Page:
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Space to Think, a new book celebrating ten years of the Dublin Review of Books More Information 

    Mending, after the Fall

    Enda Wyley
    The idea that even if injured we keep going is at the emotional core of Mark Roper’s new collection – a book of poems which is persistent in laying bare both the pain and happiness of being alive, while always looking to the forces of the natural world for guidance.
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    Through to Delight

    Magdalena Kay
    There is a sense of joy in Derek Mahon’s latest collection, which long-time readers may see as a hard-won peace with a world, and a life, that has all too often shown its undelightful side. The brightness of these visions has been earned.
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    In Search of Richard Murphy

    Benjamin Keatinge
    Richard Murphy felt out of place in American universities, where his students equated poetry with self-expression. As Gerald Dawe has recently suggested, Murphy was always a poet of other people, whose poems are not about himself at all but about ‘others’ and their reality.
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    Bleak New World

    Carlo Gébler
    Julian Gough’s new novel portrays a world that we are already well on the way to – one in which human concerns are very much outweighed by issues of the control of ‘tech’. It’s perhaps a problem that a certain kind of reader remains unmoved by tech and stubbornly interested in people.
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    Memory and Echoes

    Florence Impens
    One of the delights of Leanne O’Sullivan stems from how cleverly she plays with Irish poetry, notably in her use of classical material. There are echoes here of Yeats, Longley and  Mahon, while other poems discreetly evoke Seamus Heaney’s work.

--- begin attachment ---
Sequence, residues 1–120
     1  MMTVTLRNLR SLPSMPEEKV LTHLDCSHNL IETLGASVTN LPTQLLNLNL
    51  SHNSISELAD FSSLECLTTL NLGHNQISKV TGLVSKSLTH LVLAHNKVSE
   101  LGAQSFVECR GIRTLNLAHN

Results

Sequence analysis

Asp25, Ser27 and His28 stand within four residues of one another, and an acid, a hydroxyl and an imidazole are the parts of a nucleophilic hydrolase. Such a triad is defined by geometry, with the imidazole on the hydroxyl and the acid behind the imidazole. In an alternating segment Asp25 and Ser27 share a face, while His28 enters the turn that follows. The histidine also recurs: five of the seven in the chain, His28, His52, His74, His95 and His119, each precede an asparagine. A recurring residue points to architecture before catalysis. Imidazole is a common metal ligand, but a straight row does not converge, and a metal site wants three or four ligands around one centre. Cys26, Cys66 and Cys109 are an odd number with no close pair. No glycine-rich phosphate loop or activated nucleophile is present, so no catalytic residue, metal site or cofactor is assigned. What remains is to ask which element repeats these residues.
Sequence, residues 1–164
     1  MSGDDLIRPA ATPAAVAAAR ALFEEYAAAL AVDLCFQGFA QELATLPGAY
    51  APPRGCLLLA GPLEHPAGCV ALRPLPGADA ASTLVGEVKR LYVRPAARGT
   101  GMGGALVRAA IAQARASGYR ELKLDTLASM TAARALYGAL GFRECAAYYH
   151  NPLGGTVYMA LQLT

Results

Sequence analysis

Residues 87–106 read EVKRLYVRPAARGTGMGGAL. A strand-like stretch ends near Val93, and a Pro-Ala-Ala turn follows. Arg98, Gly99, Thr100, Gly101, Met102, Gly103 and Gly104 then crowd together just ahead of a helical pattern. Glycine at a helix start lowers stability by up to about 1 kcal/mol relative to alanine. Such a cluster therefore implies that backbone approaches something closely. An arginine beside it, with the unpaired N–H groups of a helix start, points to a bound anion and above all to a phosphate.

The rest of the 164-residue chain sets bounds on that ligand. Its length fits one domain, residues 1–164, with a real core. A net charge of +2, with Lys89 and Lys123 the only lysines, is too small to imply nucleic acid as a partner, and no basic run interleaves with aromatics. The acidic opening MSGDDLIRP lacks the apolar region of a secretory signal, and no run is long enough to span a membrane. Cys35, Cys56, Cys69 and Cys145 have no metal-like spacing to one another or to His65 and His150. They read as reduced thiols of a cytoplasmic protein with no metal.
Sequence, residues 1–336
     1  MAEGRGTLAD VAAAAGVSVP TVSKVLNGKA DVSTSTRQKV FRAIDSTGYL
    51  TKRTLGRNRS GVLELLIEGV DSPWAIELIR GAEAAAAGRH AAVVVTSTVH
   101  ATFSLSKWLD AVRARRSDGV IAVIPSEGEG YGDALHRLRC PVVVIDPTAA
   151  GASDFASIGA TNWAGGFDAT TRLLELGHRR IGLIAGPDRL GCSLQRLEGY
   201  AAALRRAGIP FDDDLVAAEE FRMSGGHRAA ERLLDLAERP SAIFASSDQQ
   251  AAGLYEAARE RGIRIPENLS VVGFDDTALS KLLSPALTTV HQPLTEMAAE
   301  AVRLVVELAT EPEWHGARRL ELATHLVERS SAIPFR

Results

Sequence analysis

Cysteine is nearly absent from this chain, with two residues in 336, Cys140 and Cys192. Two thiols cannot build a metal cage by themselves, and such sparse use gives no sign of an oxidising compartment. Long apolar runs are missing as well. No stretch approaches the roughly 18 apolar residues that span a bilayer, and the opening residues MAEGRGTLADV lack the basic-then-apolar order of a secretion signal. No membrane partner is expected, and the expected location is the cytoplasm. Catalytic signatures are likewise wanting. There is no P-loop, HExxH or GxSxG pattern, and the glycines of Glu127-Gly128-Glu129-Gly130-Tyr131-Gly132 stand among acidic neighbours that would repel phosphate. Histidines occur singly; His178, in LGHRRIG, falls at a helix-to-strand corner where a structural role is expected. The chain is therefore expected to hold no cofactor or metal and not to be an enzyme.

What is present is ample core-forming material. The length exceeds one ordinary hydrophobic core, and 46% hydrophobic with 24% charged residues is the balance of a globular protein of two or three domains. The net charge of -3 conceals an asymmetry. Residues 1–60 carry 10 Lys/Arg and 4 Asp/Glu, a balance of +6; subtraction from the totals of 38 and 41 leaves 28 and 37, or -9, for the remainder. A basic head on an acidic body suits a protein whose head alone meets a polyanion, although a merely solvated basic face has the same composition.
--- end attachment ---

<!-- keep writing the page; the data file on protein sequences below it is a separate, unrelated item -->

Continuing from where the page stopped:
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    The Hardest Problem

    Martin Greene
    Joyce drew on his theories in creating Leopold and Molly Bloom. Freud thought he was ‘highly gifted but sexually deranged’. Wittgenstein thought he was ‘great’, though one couldn’t agree with him, while Strindberg thought he had solved the hardest problem, the problem of women.
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    Solace and Silliness

    Keith Payne
    As a poet, Iggy McGovern celebrates certainties - the certainty of the slow ticking of a public house clock, ‘a quarter-hour ahead’, the certainty of scientific exploration, of a life clearly recalled, the certainty of the BBC Home Service and of course, the certainty of ageing.
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    Oral Culture and Popular Autonomy

    Brian Earls
    William Carleton at times conceived of his great narrative enterprise as a form of naive ethnography, asserting that his stories contained more “facts” about Ireland than any previously published work. His sources were multiple, his sea of story extending from refracted folktales, via Victorian melodrama, to the most commonplace clichés of commercial fiction and, indeed, improving tales. At its heart are the narratives and other oral forms of the pre-famine Irish countryside. 
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    Folks Like Us

    Carlo Gébler
    The central characters in Bernard MacLaverty’s ‘Midwinter Break’ are frail, contrary, inadequate, self-serving, self-destructive, hopeless, hopeful, desperate, kindly, thoughtless, and all the other things that make people people. No wonder their story is so fascinating.
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    Giant Step

    Dick Edelstein
    While Geraldine Mitchell’s two preceding volumes of poetry were notably cohesive, in her new collection she constructs a more all-embracing context while maintaining an easily identifiable stylistic continuity. The result represents a considerable leap forward in her work.
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